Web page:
Healthy Flock? Go with your gutKelly
Growing international concern over antimicrobial resistance is forcing poultry producers across the world to look at new ways of maintaining production levels and keeping birds healthy. Glenneis Kriel heard from two feed and nutrition experts about the importance of good gut health.
Antimicrobial growth promoters have been used for more than 60 years to boost animal growth and feed efficiency in many countries. It is thought that most of these benefits come from suppression of the population of microbes in the gut, as these tiny creatures can compete for nutrients with their hosts as well as causing disease. Rising fears about drug-resistant diseases are, however, resulting in widespread bans on using the antimicrobial drugs for growth promotion. But prohibiting these products comes at a price.
At the AFMA Forum held at Sun City in South Africa earlier this year, Kostas Mountzouris, Associate Professor of Animal Nutrition and Biotechnology at the Agricultural University of Athens, estimated that the removal of antimicrobial growth promoters on a farm can result in a two to eight per cent decline in a bird’s daily weight gain and a one to five per cent decline in the feed conversion, depending on production conditions on the farm. Since they were banned in Europe in 2006, there has also been an increased incidence of microbial imbalances (dysbiosis) and diseases such as necrotic enteritis.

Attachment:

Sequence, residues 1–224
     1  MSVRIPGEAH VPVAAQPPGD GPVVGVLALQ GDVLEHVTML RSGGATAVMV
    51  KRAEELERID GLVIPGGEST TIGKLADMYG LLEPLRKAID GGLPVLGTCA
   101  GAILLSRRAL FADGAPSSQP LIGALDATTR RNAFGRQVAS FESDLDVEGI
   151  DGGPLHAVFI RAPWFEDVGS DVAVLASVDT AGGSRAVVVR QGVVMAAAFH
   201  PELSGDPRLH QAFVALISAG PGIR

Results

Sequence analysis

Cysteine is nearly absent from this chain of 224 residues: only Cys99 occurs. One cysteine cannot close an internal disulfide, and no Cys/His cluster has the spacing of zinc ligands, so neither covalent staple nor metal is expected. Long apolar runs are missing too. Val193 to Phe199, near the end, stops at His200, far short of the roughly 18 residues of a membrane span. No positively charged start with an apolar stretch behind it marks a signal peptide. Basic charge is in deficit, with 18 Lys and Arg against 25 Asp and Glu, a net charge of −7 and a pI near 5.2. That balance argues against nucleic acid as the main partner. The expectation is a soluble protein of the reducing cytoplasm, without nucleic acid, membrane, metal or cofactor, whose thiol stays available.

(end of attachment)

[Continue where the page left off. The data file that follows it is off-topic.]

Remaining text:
Dr Charles Gilfillan, health and feed safety technical manager at Kemin in South Africa, says that one of the reasons antimicrobials produce such great production results is that it helps to keep the growth of pathogenic bacteria in the birds’ guts in check. Strategies to alleviate the impact of the removal of antimicrobial growth promoters, should therefore centre on ways to promote good gut health in animals.
Good gut health has been called the “Holy Grail” when it comes to the maintenance of poultry growth, health and welfare. An imbalance in gut microbiota will have a negative impact on nutrient digestion and absorption, which in turn will affect bird health and performance.
“Modern broilers and layers are placed under immense pressure to produce as much meat and eggs as possible, in the shortest possible time and with as little feed as possible,” explains Dr Gilfillan.